Here in mid-Michigan, where road conditions can be horrendous in the winter, smart people own what is called a "winter beater." These older cars are purchased cheaply, so that the owner is not out a lot of money if road conditions put them in the ditch and ruins the vehicle. Along with an older car, however, come different considerations than you normally wouldn't find with newer vehicles still under warranty. If you have an older car, and want to keep it in the best possible shape, then take into considerations the suggestions in this article that will help you keep the older car alive longer.
About Older Vehicles
It is not unusual to see cars on the road with 100,000 miles on the odometer or more. The wise owner not only performs regular maintenance, but is aware of the things that go wrong with an older vehicle. These things can and will include things that will leave you stranded. Although that may be true about any car, it is especially true about the older vehicle. Along with the regular maintenance, a list of priorities is in order to keep the vehicle on the road.
Older vehicles will have higher wear on ball joints, constant velocity joints (CV) tie rod ends, drive shaft bearings if a rear wheel drive car, brakes and wheel bearings. People that own older vehicles tend to not keep up with these vital elements of an automobile, and owning a car that drops a tie rod at highway speed is definitely not a good experience. One thing highly recommended by savvy owners is to have a car inspected BEFORE you purchase it. Most trustworthy mechanics will do so, usually for a fee of $50, or, if you typically have them work on your cars, for nothing. It makes little sense to buy a car with a faulty
drive train that would cost you more to repair than the car is worth. These suggestions should be a top priority in any older vehicle, because your safety depends on it.
Don't Be Left Stranded
One of the quickest ways to getting stranded beside the road is failure to thoroughly checking hoses and belts. Hoses and belts harden and crack with age and can fail. One of the biggest things overlooked is the heater hoses in your car. A good way to check hoses is to inspect them at the fittings where hose clamps attach. It is the first stress area, and if the hose shows cracks around it perimeter, it is time to change them. When running the heater in the winter, if you notice a smell like pancake syrup inside the vehicle, it means that the heater core has probably failed and the odor you smell is antifreeze leaking into the interior of the car. The heater core can be tough to replace - if you aren't mechanically inclined, let a mechanic do it for you.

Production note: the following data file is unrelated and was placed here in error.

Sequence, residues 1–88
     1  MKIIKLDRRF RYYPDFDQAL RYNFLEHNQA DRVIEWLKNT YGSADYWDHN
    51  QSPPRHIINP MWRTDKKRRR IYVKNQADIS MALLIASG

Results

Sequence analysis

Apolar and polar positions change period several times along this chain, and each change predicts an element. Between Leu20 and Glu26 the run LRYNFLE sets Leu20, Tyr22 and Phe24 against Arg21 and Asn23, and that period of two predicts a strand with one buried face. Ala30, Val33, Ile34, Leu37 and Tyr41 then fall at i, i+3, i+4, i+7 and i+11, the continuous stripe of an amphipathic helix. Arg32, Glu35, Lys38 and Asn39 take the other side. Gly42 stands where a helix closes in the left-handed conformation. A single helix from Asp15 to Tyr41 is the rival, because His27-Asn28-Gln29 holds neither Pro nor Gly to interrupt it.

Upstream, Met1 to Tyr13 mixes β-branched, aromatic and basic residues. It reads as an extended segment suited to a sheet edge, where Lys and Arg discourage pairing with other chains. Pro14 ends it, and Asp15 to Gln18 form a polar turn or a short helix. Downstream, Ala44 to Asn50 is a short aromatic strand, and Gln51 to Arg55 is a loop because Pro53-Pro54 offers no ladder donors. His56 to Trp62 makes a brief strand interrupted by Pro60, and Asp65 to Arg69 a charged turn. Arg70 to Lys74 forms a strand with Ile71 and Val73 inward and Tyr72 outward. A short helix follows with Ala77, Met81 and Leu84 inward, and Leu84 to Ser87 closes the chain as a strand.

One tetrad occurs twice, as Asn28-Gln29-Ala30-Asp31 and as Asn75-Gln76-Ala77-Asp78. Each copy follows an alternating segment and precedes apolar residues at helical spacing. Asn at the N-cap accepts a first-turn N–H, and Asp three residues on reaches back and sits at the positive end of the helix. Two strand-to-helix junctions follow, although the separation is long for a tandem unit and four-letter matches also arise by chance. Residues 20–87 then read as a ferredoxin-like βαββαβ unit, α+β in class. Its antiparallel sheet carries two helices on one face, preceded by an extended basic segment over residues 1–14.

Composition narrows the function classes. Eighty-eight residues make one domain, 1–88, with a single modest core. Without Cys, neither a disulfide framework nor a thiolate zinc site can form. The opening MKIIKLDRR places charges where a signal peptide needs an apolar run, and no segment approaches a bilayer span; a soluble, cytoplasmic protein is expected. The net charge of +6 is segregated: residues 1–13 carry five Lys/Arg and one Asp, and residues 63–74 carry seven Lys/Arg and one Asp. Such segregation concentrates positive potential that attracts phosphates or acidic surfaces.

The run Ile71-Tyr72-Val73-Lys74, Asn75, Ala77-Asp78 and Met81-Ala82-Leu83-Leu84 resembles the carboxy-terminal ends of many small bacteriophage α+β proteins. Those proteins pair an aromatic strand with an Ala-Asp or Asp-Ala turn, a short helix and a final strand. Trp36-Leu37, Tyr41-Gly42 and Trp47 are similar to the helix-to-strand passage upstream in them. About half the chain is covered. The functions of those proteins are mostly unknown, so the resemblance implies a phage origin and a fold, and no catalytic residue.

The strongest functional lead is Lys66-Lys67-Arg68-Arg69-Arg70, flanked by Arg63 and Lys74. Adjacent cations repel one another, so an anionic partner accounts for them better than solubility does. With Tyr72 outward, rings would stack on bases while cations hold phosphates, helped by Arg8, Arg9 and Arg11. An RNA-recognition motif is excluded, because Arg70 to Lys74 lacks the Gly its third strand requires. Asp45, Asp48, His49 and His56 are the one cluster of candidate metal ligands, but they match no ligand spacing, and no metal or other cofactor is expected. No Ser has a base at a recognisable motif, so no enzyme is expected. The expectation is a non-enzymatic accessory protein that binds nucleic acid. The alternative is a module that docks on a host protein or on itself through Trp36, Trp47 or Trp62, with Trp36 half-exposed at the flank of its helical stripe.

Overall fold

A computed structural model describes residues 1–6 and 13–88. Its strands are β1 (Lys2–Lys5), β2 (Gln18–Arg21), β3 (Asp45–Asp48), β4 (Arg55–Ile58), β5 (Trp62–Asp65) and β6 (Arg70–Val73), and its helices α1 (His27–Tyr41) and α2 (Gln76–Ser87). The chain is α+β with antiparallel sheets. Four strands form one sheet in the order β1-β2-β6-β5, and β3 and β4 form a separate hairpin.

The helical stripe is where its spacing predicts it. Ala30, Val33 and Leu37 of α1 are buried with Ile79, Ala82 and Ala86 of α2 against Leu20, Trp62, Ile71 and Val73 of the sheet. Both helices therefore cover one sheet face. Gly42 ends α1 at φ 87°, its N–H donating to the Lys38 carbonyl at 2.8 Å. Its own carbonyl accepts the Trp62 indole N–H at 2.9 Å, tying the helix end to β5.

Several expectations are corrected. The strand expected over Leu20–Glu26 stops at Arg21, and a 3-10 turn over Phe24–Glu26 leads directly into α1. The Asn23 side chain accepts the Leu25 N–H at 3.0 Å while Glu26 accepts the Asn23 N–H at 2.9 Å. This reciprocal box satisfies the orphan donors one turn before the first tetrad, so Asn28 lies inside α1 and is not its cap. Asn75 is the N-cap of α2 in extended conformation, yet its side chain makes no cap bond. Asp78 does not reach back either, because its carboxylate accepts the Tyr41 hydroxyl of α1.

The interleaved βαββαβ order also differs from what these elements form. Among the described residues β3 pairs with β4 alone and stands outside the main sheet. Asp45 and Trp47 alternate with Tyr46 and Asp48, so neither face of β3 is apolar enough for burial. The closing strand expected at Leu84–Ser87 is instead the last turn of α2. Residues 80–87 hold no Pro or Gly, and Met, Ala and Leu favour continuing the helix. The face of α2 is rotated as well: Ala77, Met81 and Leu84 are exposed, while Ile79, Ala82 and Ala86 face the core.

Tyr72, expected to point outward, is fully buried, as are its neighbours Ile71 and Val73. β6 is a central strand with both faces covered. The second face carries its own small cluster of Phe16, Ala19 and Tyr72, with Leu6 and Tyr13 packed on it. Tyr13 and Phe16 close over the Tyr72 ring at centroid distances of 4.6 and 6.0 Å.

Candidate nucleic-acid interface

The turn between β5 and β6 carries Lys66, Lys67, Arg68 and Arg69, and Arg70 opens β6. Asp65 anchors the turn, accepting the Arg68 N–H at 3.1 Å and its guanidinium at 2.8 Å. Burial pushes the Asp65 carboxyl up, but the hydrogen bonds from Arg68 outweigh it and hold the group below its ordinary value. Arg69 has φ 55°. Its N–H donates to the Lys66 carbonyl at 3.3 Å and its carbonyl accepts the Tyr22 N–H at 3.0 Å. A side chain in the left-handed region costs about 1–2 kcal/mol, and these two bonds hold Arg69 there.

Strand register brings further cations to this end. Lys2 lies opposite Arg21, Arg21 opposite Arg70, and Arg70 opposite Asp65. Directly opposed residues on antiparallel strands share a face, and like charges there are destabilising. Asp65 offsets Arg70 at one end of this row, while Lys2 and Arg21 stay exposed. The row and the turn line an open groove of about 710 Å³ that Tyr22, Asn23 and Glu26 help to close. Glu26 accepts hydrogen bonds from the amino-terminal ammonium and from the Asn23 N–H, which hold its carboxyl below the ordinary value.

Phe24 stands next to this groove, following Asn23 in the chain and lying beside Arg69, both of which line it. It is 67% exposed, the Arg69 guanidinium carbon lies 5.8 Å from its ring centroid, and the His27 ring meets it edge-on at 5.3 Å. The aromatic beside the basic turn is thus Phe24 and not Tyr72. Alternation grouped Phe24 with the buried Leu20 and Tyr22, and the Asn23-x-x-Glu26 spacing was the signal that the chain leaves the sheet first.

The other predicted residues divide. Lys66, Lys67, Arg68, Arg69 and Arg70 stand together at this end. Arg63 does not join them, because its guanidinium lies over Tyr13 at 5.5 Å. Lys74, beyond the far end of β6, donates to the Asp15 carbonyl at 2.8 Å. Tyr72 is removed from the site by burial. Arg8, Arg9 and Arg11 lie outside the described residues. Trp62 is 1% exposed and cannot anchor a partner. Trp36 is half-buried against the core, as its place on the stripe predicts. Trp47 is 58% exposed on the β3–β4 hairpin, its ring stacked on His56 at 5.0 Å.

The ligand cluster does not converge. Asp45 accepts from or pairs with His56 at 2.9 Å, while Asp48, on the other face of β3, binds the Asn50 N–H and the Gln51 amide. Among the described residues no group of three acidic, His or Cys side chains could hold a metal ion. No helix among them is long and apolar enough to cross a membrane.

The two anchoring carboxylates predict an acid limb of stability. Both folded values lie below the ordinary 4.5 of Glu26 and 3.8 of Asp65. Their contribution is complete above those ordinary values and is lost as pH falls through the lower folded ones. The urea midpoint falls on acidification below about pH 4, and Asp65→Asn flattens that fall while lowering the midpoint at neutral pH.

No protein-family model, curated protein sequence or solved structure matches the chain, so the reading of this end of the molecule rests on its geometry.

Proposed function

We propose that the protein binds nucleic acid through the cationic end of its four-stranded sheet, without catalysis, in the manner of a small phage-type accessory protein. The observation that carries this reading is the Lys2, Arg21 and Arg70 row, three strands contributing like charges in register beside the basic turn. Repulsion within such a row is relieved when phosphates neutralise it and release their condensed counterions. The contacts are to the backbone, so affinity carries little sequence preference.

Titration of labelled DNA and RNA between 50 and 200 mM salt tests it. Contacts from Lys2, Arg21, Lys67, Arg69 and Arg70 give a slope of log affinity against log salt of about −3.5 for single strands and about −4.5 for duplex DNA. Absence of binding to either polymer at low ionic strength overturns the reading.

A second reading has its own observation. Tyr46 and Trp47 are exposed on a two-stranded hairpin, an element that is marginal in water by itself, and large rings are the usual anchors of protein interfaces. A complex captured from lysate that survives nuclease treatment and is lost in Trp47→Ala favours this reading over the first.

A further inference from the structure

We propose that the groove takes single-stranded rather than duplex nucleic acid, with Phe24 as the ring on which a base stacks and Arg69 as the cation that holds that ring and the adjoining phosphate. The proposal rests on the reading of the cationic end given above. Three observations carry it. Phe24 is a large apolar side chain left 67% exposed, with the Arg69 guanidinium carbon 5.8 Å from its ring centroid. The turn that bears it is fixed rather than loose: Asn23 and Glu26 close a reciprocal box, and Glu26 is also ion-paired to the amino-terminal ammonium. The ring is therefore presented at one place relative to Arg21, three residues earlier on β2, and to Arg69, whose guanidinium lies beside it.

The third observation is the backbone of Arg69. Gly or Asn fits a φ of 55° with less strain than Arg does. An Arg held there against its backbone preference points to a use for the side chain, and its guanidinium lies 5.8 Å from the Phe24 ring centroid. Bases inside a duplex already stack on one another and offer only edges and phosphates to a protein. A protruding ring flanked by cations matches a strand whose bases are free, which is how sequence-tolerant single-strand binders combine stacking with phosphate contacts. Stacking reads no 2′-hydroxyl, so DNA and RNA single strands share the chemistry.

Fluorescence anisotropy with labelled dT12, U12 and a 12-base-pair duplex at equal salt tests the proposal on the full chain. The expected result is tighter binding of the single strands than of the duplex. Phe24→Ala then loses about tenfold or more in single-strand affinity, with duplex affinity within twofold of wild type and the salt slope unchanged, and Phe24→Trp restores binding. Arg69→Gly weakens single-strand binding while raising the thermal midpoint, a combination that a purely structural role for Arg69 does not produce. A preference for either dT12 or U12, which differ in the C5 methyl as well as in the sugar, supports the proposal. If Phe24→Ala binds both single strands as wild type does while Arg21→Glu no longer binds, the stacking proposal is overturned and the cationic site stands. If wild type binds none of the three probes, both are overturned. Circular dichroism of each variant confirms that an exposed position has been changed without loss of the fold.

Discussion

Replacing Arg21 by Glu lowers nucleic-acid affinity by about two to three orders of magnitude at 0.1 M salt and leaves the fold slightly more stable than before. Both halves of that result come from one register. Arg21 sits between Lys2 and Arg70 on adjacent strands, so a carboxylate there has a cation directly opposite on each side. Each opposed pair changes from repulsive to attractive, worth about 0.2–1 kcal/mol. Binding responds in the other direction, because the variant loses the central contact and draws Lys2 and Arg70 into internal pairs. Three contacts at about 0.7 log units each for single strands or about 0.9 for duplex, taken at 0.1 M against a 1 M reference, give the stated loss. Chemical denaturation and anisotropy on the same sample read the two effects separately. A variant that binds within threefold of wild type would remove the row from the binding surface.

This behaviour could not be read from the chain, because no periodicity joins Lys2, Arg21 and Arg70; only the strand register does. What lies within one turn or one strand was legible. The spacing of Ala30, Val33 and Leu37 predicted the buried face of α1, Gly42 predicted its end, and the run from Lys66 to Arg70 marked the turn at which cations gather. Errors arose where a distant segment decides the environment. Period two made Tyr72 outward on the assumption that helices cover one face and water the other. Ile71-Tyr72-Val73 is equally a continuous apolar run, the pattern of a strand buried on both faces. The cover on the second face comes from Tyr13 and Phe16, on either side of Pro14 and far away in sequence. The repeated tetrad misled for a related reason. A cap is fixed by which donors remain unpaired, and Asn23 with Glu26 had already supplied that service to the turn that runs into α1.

Fans belts will eventually fail. Again, check them for cracks and hardness. Often, they will squeal when getting ready to fail. The outer edge of belts will fray, giving you a good indication of impending failure. Always be sure to keep fan belts tightened properly. On older cars, power steering units can fail. Always be sure to check the fluid level in the unit on a monthly basis - more if steering is a bit jerky when making tight turns. If a power steering unit or belt fails, the car will be almost impossible to drive.
Pay close attention to the sound of your vehicle. don't make the mistake of having your radio blasting so loud all the time that you cannot hear any new noises the vehicle may be making - grinding, clicking and whining noises may mean brake pads may need to be changed, a whining noise can be bearings in the power steering unit failing or water pump bearings going bad. A whining noise that changes when you let up on the gas could mean that a wheel bearing is getting ready to fail. If you hear a whining noise, try to isolate it by turning your head in the direction of the sound. This goes a long way in determining a wheel bearing going bad.
Using Common Sense
An older vehicle is like an older person - they need a bit more care. There is no reason, however, that you cannot get a lot of good miles out of an older vehicle. The money saved in car payments goes a long way towards maintaining an older car.
The investment of a Chilton's manual for your vehicle goes a long way in keeping the car running properly, and for a $20 investment, it is good insurance.
Alden Smith is an award winning author and regular contributor to DoItYourself.com. He writes on a variety of subjects, and excels in research.